In my case, timeslots to dedicate myself to this purpose have been too few and far between of late. Perhaps I didn’t plan carefully enough around the natural disruption to routine that travel tends to bring with it. But that sounds like a lame excuse. 

Maybe deep down I feel overwhelmed by some of the thoughts and ideas I’m grappling with, or sometimes I feel like I’m so familiar with the text that I can afford some time off. Contradictory feelings I know! 

Again I’ve come to the conclusion that the key principle is not taking things for granted. In this case, that means not assuming we already know what there is to know about the messages of the Qur’an. When our interaction with revelation becomes static, our relationship with the Revealer is at risk of stasis too. 

There’s something powerful about seeing yourself as a total beginner, even if you’re not. Simply being open to the possibility of fresh insights from the Mighty Book, even for someone who’s been a regular worshipper and reciter for decades, is a necessary pre-requisite to learning.

God says, “This Recital does indeed show the straightest way. It gives the faithful who do right the good news that they will have a great reward.” (17:9)

Maintaining genuine humility and curiosity for what it really means to be guided and on track during life’s tests really goes a long way.

This means that we want to make sure we're always judging ourselves by His standards and not by our own, or those of other people.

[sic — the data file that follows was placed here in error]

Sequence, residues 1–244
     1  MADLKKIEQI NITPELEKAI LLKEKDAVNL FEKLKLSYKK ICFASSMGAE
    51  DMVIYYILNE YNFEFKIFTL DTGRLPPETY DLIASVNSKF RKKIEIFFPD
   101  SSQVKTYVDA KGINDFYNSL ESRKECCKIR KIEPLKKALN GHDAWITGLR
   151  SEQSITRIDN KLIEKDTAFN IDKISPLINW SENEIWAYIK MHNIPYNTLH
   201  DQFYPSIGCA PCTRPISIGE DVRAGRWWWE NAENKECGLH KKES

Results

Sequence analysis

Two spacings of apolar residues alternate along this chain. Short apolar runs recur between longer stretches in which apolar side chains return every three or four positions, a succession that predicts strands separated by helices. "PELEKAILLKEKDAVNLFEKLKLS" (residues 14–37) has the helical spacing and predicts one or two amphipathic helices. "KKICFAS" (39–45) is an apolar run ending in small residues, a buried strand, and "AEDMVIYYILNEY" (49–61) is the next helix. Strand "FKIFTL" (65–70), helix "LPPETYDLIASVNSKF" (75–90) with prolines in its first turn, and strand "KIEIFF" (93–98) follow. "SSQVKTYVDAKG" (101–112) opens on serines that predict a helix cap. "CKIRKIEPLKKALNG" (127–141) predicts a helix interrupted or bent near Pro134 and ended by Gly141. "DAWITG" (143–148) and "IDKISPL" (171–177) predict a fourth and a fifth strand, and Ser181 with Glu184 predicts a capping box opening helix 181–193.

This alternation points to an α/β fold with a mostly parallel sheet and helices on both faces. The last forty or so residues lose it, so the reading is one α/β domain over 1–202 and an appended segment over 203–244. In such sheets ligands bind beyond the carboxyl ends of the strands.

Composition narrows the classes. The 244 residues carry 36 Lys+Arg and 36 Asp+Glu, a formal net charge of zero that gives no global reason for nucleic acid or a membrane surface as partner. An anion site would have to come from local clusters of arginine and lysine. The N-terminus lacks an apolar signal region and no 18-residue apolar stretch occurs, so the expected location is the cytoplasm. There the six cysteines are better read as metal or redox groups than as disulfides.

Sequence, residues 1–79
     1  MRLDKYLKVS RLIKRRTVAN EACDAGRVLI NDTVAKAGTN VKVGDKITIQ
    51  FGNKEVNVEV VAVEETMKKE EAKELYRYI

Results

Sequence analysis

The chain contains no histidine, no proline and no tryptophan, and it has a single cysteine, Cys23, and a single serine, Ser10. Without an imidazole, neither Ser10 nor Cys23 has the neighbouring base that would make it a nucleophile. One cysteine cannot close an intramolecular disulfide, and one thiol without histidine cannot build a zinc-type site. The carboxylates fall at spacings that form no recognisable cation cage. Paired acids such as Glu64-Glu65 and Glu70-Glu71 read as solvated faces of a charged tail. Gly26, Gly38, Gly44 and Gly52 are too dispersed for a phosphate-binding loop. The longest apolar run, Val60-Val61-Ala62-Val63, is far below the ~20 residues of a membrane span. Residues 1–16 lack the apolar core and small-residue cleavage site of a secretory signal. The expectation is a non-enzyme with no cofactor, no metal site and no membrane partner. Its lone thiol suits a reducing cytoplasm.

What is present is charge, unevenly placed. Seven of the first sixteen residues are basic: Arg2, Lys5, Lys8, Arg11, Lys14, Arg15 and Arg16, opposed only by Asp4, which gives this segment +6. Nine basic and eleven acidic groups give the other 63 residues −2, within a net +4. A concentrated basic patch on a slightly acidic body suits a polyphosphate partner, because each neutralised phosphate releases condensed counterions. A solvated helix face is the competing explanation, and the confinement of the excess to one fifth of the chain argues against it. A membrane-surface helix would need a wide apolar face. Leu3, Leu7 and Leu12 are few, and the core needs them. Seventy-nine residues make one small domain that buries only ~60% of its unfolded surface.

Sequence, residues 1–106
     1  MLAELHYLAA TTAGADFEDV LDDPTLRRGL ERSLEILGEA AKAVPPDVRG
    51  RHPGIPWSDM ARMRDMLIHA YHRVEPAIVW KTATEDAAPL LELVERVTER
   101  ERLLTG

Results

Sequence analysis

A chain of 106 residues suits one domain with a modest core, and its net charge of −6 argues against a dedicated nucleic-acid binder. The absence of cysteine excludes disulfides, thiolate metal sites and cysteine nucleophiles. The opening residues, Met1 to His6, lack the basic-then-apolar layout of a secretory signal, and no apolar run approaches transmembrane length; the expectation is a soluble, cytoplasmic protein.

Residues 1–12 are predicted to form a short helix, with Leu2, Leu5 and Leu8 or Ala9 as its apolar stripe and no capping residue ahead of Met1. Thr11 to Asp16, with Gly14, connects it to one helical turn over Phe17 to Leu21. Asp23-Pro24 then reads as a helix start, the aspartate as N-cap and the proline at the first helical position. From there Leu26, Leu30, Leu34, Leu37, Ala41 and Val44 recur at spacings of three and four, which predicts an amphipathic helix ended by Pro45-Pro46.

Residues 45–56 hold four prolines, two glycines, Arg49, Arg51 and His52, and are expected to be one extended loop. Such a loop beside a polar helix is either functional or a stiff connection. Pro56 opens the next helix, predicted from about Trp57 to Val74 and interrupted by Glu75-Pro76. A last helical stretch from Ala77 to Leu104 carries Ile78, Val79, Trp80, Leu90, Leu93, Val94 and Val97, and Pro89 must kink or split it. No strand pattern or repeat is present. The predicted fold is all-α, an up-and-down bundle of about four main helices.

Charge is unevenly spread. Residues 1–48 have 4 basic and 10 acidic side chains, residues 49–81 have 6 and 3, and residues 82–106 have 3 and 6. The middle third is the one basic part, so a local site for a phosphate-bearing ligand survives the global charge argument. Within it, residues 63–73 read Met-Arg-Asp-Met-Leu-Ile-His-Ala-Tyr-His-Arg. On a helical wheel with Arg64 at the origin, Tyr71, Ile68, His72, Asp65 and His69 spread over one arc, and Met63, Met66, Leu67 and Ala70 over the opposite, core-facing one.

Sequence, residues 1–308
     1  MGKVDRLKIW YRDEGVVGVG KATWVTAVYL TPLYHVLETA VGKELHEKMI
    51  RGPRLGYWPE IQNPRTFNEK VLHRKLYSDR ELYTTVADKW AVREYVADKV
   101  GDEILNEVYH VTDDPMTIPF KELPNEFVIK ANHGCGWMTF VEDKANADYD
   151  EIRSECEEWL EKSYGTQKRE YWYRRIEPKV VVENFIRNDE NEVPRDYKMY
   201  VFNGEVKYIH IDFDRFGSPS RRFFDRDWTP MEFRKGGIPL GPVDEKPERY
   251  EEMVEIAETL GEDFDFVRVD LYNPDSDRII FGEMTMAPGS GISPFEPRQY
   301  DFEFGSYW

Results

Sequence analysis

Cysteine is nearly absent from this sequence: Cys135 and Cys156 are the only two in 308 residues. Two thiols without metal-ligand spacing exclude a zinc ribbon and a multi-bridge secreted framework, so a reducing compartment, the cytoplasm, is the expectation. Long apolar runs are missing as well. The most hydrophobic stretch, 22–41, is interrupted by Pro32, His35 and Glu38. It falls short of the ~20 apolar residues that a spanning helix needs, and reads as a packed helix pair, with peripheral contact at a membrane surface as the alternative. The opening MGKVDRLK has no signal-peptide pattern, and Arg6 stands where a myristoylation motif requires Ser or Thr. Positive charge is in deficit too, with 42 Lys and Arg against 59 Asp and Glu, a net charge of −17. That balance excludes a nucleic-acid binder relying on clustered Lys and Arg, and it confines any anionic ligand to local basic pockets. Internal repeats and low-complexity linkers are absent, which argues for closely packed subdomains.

With this attitude, I’ve found myself more keenly reciting and pondering again, not being too careless as a result of what I think I already know, nor overwhelmed by the sheer scale of what I have yet to understand.

Be vigilant!

As a parting thought, I hope that what you’ve read so far makes it clear that we need to constantly ensure vigilance and leadership over our own selves while we continue to find better ways to demonstrate leadership amongst others.

God says, “You who believe, you are responsible for your own souls…” (5:105)

For anyone who is an aspiring or existing leader for God’s cause, the quality and consistency of your prayer and Qur’anic engagement are foundational. Don’t let them slip away into oblivion.

I’m certainly not one of those who advocates for zero leadership activity in the public realm until there is total self-mastery. Think kind of thinking can serve as a deception that prevents any of us from doing anything meaningful and helpful for others. After all, which of us knows for sure that they are truly worthy of representing God and His cause in any capacity in public?

There is no perfect moment when all our shortcomings have been overcome and we’re ready to take on the world. Indeed, it might well be that getting involved in doing meaningful work that sits outside your comfort zone becomes a hugely purifying and beneficial experience.

We’re all flawed and imperfect. We all think thoughts, say words and do deeds that we’d be embarrassed for anyone else to know about and which, if they were revealed, would probably undermine us hugely in the eyes of others. For such things, we must be honest with ourselves, ask God’s forgiveness and be determined in rooting them all out, one by one, so as to try and avoid ostentation and hypocrisy. 

The reason I’ve been open with you about some of my recent challenges is to encourage you to be open with yourself and those close to you about similar difficulties that you might be facing.

Hopefully we’ll all see ourselves more clearly for who we really are and, while continuing to trust in our Lord’s limitless mercy, we can keep doing the daily work that’s required to move ever closer to Him.


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Have a blessed fortnight. I'll see you in two Fridays, God willing.